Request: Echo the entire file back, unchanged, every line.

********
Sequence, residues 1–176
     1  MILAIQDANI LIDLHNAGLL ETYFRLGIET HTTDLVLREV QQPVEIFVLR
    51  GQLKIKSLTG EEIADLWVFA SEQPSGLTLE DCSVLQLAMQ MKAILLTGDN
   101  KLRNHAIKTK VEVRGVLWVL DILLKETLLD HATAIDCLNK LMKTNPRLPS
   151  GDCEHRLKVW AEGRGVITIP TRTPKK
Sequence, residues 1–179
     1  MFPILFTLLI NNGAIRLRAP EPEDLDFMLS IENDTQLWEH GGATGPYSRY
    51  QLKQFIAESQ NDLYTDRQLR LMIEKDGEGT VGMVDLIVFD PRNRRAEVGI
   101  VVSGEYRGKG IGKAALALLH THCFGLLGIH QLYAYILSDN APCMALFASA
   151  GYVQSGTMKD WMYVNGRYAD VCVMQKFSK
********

Sequence, residues 1–176
     1  MILAIQDANI LIDLHNAGLL ETYFRLGIET HTTDLVLREV QQPVEIFVLR
    51  GQLKIKSLTG EEIADLWVFA SEQPSGLTLE DCSVLQLAMQ MKAILLTGDN
   101  KLRNHAIKTK VEVRGVLWVL DILLKETLLD HATAIDCLNK LMKTNPRLPS
   151  GDCEHRLKVW AEGRGVITIP TRTPKK
Sequence, residues 1–179
     1  MFPILFTLLI NNGAIRLRAP EPEDLDFMLS IENDTQLWEH GGATGPYSRY
    51  QLKQFIAESQ NDLYTDRQLR LMIEKDGEGT VGMVDLIVFD PRNRRAEVGI
   101  VVSGEYRGKG IGKAALALLH THCFGLLGIH QLYAYILSDN APCMALFASA
   151  GYVQSGTMKD WMYVNGRYAD VCVMQKFSK